“The most scenic rail trail anywhere with parallel singletrack on the South Side Trail.”
— joel rathje
Fall Colors · River/Creek · Swimming · Views
This is a very scenic rail trail that cruises along the Susan River. This area is great for groups of different abilities as the trail is more challenging on the south side of the canyon. There are several connections for meeting up. This rail trail was rated the most scenic rail trail in California by the Rails to Trails Conservancy.
Need to Know
The Susan River Canyon offers fun trails, fishing, camping right next to Susanville. No need to drive to trailheads in Susanville.
The best time to experience this trail is in the fall. The trees light up the canyon and contrast the deep blue sky. This is a very peaceful place and is surprisingly accessible from town. The new South Side Trail
complements the rail trail beautifully.
Following the old Fernley and Lassen Branch Line of the Southern Pacific railroad, the trail winds 25.4 miles from Susanville to Mason Station. For the first 16 miles, the trail follows the Susan River. As it winds through the rugged Susan River Canyon, the trail crosses the river 12 times on bridges and trestles and passes through two tunnels. The landscape is a combination of semi-arid canyon and upland forests of pine and fir. The trail then follows existing roads an additional 4.5 miles into Westwood, where a railroad station type kiosk and a 25-foot carved redwood statue of Paul Bunyan mark the Westwood trailhead.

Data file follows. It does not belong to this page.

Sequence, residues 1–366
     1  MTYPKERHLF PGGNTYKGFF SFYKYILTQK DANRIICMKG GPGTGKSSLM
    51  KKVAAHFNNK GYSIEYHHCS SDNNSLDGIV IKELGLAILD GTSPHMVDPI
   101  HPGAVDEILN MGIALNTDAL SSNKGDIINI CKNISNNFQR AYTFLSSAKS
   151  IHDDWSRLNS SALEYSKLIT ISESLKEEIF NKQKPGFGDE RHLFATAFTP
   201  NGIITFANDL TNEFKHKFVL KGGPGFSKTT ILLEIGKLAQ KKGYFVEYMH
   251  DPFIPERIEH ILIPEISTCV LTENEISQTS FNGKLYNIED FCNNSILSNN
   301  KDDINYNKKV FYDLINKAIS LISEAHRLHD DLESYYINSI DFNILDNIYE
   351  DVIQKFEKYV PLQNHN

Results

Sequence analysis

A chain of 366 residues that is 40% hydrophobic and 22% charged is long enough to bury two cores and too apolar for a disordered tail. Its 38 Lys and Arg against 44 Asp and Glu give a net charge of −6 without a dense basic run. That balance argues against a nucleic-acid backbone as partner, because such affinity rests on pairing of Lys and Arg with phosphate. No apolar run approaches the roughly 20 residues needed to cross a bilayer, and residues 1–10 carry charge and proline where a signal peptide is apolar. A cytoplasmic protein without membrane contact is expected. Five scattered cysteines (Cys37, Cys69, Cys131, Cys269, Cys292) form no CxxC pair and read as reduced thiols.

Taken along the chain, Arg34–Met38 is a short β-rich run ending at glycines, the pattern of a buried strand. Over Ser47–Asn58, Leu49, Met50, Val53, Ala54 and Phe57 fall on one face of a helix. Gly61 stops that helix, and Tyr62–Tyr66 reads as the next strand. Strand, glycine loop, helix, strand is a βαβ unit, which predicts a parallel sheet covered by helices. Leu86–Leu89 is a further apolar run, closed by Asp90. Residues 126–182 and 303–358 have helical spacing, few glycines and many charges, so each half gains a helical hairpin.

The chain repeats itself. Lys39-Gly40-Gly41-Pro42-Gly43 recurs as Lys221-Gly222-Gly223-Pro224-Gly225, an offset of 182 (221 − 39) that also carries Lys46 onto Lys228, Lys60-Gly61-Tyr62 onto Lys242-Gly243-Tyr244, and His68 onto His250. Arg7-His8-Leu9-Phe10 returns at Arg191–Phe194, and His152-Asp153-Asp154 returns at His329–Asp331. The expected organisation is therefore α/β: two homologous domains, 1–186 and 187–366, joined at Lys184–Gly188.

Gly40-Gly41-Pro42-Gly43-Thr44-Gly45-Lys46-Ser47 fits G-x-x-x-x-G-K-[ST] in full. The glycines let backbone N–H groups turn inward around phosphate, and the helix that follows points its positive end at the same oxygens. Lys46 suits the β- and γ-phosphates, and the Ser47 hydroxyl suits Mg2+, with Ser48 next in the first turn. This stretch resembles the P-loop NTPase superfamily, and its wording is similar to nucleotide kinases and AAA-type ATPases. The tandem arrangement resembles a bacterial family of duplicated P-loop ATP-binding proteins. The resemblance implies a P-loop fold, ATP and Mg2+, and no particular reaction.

The trail has four distinct seasons because of the high elevation location. The trail begins at 4200' on the east side of the Sierra and Cascade Ranges in Susanville, climbs 1300' to a high point of 5500' at Westwood Junction then drops 400' to its terminus in Westwood at elevation 5100'. Check current conditions before planning a trip on the trail by calling (530) 257-0456.
History & Background
In 1978, Southern Pacific Railroad received approval to abandon most of the old Fernley and Lassen Railroad branch line that had carried area lumber and sometimes passengers from 1914 until all railroad operations ended on the line in 1956.
Following legal abandonment of the railroad in 1978, the Bureau of Land Management spearheaded the rails-to-trails conversion of the old railroad grade. Former Congressman Harold T. "Bizz" Johnson, who served in the House of Representatives from 1958-1980, was instrumental in helping establish the 30-mile segment as a Rails-to-Trails conversion for recreational use. The trail is named in his honor.